Ben Lowry: It is hard to see a mechanism by which Catalonia can leave Spain

People rise hands as they gather in front of the Palau Generalitat in Barcelona, Spain, after Catalonia's regional parliament passed a motion with which they say they are establishing an independent Catalan Republic, on Friday, Oct. 27, 2017. (AP Photo/Emilio Morenatti)
People rise hands as they gather in front of the Palau Generalitat in Barcelona, Spain, after Catalonia's regional parliament passed a motion with which they say they are establishing an independent Catalan Republic, on Friday, Oct. 27, 2017. (AP Photo/Emilio Morenatti)

When tensions spilled over in Catalonia after the disputed independence referendum at the start of the month, I wrote (see link below) that this was probably the beginning of the end for the region in Spain.

The huge escalation in tensions yesterday, when Madrid seized back full political control and Catalonia declared independence, only confirms me in that view.

Anti-independence supporters shout slogans and wave Spanish flags as they march against the unilateral declaration of independence approved earlier by the Catalan parliament in downtown Barcelona Friday, Oct. 27, 2017.  Catalan Republic.(AP Photo/Francisco Seco)

Anti-independence supporters shout slogans and wave Spanish flags as they march against the unilateral declaration of independence approved earlier by the Catalan parliament in downtown Barcelona Friday, Oct. 27, 2017. Catalan Republic.(AP Photo/Francisco Seco)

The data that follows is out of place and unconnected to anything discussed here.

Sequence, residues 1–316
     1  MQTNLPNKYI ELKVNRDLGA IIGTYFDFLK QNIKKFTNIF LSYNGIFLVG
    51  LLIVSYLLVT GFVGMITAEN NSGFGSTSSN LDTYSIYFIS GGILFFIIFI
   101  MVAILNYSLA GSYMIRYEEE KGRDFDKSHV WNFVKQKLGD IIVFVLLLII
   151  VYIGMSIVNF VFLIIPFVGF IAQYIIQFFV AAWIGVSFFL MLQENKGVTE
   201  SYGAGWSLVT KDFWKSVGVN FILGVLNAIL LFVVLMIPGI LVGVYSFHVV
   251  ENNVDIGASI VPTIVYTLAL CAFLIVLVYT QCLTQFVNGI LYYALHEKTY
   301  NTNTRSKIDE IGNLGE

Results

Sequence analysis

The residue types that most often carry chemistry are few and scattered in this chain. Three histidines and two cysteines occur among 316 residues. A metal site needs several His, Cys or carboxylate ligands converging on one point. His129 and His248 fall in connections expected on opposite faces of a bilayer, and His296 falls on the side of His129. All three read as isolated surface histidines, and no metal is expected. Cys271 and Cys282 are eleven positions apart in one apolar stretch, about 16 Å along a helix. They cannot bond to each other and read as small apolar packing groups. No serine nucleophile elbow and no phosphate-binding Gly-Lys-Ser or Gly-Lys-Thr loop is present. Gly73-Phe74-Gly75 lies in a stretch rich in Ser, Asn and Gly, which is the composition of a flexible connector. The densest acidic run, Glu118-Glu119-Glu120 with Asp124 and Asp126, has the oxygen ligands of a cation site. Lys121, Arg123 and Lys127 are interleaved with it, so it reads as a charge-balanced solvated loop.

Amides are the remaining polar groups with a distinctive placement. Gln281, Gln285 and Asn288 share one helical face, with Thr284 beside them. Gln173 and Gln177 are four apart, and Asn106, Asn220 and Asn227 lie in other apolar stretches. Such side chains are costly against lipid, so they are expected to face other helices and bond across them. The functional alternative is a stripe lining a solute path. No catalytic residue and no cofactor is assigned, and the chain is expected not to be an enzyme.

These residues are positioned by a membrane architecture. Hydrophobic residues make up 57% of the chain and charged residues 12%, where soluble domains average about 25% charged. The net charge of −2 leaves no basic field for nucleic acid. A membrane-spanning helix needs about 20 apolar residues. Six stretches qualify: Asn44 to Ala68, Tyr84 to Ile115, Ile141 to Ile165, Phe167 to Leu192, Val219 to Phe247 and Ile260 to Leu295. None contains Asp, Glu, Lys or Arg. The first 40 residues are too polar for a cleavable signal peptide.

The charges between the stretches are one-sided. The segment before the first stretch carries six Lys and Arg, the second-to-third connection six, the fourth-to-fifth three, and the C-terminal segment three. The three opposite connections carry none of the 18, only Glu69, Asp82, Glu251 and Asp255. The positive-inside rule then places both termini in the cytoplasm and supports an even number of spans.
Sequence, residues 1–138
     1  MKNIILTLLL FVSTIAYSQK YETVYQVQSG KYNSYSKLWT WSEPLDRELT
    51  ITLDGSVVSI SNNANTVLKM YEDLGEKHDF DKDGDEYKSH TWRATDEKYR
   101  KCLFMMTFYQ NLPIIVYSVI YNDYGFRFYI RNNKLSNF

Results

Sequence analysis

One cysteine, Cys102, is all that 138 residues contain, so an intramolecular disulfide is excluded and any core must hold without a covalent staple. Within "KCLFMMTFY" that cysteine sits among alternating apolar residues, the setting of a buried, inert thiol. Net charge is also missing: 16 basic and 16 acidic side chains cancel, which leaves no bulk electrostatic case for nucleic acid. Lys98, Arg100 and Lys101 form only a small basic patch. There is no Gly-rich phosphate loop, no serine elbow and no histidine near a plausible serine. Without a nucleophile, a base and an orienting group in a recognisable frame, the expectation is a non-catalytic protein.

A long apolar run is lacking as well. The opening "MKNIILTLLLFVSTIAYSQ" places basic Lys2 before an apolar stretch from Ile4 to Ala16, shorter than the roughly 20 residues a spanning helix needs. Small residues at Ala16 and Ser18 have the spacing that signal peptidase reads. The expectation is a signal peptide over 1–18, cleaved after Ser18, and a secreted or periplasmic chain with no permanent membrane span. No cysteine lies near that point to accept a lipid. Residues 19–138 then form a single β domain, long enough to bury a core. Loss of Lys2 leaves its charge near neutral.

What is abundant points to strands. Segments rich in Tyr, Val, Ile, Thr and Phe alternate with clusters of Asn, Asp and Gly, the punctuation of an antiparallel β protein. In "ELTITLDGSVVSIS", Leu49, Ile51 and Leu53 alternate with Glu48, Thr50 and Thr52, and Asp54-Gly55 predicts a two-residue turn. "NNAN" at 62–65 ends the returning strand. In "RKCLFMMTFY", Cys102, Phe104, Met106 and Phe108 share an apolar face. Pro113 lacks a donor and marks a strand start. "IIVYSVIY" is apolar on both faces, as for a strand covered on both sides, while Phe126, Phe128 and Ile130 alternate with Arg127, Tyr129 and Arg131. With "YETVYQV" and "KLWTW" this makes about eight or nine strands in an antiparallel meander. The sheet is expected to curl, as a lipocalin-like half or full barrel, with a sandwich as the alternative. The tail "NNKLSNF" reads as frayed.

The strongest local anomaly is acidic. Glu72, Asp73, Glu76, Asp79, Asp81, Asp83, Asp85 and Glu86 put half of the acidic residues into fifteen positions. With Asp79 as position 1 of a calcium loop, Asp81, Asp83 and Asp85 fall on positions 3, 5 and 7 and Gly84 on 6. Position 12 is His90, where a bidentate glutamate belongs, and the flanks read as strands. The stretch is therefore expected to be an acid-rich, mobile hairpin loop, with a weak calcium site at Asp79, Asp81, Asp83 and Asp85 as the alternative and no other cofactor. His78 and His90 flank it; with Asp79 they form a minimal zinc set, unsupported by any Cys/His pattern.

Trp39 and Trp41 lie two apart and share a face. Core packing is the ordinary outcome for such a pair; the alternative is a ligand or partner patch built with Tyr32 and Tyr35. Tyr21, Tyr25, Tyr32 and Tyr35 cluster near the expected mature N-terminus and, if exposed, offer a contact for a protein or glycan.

There are two caveats, however.

Recent global events have shown that it is incredibly hard to make predictions about the future.

If we could somehow be propelled 50 years forward, to 2067, it would be no surprise to me if I was to learn that the European Union was finished. But nor would it surprise me to learn that it was intact, and thriving.

Some things that look obvious at the time do not come to pass. I thought Quebec would leave Canada after the 1995 referendum, in which support for independence came tantalisingly close to victory, at 49.4%of the vote.

Under the ‘one more push’ theory, you might expect energised Quebecois would have agitated for further referendums so that they could get over the line (as Nicola Sturgeon is doing in Scotland).

Instead, independence went off the radar and has stayed off.

It is hard to see the separatist desire to break away subsiding in Catalonia now, such is the sense of grievance at being denied a vote.

That brings me to the other caveat to my prediction that Spain will splinter.

While support for independence has presumably risen from the level it was estimated to be at before the disputed referendum (around 40%), it is hard to see a mechanism by which Catalonia can leave.

Madrid cannot grant a formal vote now, because unionists would lose after which Spain be urged to concede independence. They do not think this is a matter only for the region, but for the country.

In the absence of such a vote, separatist support will likely rise.

One prediction we can make: this will be messy,

• Ben Lowry (@BenLowry2) is News Letter deputy editor

Ben Lowry: Irish neutrality towards Hitler was logical but not admirable

Ben Lowry: Make no mistake – this Catalonia crisis could have implications for Ulster